My big regret in life is that I didn’t spend more time reading and less time hunting rabbits on Wood Hill. Problem was, I was afraid to set foot in the public library—because at age nine I managed to misplace the first book I ever checked out, and heaven only knows how big the overdue fine has grown, at the rate of two cents per day since 1952.
It wasn’t until I went away to college that it finally dawned on me what I was missing, and it wasn’t just HORTON HEARS A WHO. I was missing out on that which separates the unwashed masses from the lettered elite. Even worse, I was spurned by a coed upon whom I had a terrible crush, after she found out I hadn’t even read THE CATCHER IN THE RYE. Hoping to win her back, I quickly devoured the complete works of J.D.Salinger, but it was too late. My love interest had lost interest in me and had moved onward, and—to her way of thinking—upward.
The only good that came out of the affair was that at long last I became a reader. When I wasn’t reading, I was walking and thinking. And brooding over the girl that got away. Late one foggy night I happened upon a dimly-lit establishment called Ye Olde Bookstore. Inside, my rheumy gaze fell upon a small book, THE PRIVATE PAPERS OF HENRY RYECROFT, by George Gissing. Thanks to a course I had taken in Victorian Lit, I knew a little about Gissing. I knew that he had struggled mightily to earn a living by his pen, with little success. And, like me, he was unlucky in love.
The pocket-sized Modern Library edition set me back just twenty-five cents—about the same cost as a McDonald’s hamburger with fries in 1964. Gissing, who, given a choice between buying a book or a meal, inevitably chose the book, would surely approve:
“Dozens of my books were purchased with money which ought to have been spent upon what are called the necessaries of life. Many a time I have stood before a stall, or a bookseller’s window, torn by conflict of intellectual desire and bodily need. At the very hour of dinner, when my stomach clamoured for food, I have been stopped by sight of a volume so long coveted, and marked at so advantageous a price, that I could not let it go.”
Fast forward to springtime, 1967. By now the fog had lifted and I found myself perched upon an ancient sea wall in Old San Juan, soaking up the warm Puerto Rican sun. In my hands was a dog-eared copy of PATTERSON, by William Carlos Williams. The book had been given me by a friend whose name I don’t remember. As for William Carlos Williams, I’d never heard of him. But suddenly, it was if Williams and I were two peas in a pod:
“For a great many weeks now (whenever I’ve tried to write poetry) every thought I’ve had, even every feeling, has been struck off some surface crust of myself which began gathering when I first sensed that you were ignoring the real contents of my last letters to you, and which finally congealed into some impenetrable substance when you asked me to quit corresponding with you altogether without even an explanation.”
Then and there I decided it was hopeless trying to stay in touch with the folks back home. Ditto this girl I knew who wore black leotards and read Rod McKuen by candlelight in a bohemian loft. From that day forward, I didn’t much care what, or even if, she ever thought of me.
Summer of 1967 found me living by myself in a tiny one-room cabin in the woods. What was I reading? You guessed it. WALDEN.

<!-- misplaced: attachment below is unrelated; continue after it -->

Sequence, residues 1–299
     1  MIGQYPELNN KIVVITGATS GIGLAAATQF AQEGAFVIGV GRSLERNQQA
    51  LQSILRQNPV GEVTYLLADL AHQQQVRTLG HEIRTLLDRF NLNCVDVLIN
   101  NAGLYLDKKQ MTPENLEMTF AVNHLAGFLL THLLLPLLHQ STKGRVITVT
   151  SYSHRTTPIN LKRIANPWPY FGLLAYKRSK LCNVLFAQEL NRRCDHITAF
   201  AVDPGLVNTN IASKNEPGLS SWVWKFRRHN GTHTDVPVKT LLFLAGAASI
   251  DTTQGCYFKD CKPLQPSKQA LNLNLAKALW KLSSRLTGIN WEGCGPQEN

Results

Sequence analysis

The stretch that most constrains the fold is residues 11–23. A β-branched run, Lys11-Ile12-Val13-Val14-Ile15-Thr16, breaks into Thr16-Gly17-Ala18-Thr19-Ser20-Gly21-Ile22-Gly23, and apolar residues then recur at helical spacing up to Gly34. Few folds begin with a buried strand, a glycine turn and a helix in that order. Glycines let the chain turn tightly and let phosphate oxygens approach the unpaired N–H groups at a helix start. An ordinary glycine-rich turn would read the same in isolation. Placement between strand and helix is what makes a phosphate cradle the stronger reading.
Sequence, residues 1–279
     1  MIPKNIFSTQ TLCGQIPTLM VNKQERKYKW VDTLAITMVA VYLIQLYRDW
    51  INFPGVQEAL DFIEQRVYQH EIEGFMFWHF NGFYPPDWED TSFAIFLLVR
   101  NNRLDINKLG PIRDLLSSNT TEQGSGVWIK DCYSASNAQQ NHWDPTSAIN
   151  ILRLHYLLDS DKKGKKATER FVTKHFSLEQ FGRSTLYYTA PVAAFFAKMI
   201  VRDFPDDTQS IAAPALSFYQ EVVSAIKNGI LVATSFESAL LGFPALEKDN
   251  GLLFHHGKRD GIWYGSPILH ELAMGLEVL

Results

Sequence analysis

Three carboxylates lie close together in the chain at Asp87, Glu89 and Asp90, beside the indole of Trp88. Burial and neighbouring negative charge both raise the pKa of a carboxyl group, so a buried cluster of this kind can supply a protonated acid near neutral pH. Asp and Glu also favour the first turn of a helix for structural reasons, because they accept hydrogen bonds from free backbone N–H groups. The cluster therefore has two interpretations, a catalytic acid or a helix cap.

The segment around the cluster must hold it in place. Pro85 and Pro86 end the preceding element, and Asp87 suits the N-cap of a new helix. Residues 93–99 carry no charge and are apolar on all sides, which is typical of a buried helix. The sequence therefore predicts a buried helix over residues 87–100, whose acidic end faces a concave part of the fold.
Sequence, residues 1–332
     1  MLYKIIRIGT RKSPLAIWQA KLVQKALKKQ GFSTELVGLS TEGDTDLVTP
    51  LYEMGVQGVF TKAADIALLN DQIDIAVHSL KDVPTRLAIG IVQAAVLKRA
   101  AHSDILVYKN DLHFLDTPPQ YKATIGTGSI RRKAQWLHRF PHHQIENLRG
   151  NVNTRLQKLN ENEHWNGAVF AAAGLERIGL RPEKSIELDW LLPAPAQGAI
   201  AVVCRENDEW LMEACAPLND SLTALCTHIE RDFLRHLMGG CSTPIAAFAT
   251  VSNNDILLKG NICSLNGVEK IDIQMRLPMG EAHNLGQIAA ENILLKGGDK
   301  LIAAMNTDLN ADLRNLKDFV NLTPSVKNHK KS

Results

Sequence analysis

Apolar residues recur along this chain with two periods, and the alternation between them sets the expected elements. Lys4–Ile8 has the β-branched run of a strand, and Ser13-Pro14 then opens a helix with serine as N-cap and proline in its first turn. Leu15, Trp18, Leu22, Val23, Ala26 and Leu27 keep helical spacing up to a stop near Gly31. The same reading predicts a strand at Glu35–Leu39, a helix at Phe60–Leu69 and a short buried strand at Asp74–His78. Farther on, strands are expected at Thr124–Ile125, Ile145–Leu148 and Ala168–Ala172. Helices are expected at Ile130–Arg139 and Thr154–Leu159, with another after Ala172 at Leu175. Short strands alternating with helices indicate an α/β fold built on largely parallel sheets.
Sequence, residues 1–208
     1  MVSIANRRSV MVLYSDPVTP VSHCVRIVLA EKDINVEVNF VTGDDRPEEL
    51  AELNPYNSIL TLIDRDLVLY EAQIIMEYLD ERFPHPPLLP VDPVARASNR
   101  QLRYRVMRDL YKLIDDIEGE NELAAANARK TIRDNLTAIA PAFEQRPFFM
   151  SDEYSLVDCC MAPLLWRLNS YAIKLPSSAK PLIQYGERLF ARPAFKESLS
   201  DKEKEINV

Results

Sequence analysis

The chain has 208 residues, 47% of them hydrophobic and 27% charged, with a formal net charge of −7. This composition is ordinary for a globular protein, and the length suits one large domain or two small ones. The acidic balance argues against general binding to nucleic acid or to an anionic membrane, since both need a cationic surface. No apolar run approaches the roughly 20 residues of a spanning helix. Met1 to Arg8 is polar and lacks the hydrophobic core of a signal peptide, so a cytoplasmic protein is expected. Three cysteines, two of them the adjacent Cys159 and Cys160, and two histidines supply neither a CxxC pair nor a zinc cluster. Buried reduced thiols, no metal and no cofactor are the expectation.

“I find it wholesome to be alone the greater part of the time. To be in company, even with the best, is soon wearisome and dissipating. I love to be alone. I never found the companion that was so companionable as solitude.”
Antisocial or not, Henry David Thoreau was my new best friend, soon to be joined by Richard Brautigan, whose words fairly jumped off the page as I leafed through a thin Dell paperback titled TROUT FISHING IN AMERICA.
“The two graveyards were next to each other on small hills and between them flowed Graveyard Creek, a slow-moving, funeral-procession-on-a-hot-day creek with a lot of fine trout in it. And the dead didn’t mind me fishing there at all. One graveyard had tall fir trees growing in it, and the grass was kept Peter Pan green all year round by pumping water up from the creek, and the graveyard had fine marble headstones and statues and tombs. The other graveyard was for the poor and it had no trees and the grass turned a flat-tire brown in the summer and stayed that way until the rain, like a mechanic, began in the late autumn. There were no fancy headstones for the poor dead. Their markers were small boards that looked like heels of stale bread.”
Brautigan’s words gave me goose bumps! It didn’t hurt that I was reading them while sitting on a riverbank on the outskirts of Portland, Oregon. Brautigan country! The following year I experienced a similar atmospheric effect. I was then living south of the Mason-Dixon line, and this time it was LOOK HOMEWARD ANGEL followed by OF TIME AND THE RIVER. Assuming anyone back home was wondering whatever had become of me, they could have found me hiding out in the flat-tire brown grass down along the San Marcos River, my nose buried in a book by Thomas Wolfe.
Nowadays I can’t think of any particular line Wolfe wrote that resonates, perhaps because I’m no longer young and restless and I no longer live in the South. As for Brautigan, what can I say? I followed him right up to the bitter end, even struggled through THE HAWKLINE MONSTER. I’ve been told it makes more sense if you’re stoned, same as the author was when he wrote it. I guess I’ll never know. I don’t dabble in dope, although from time to time I’ve gotten quite high on books.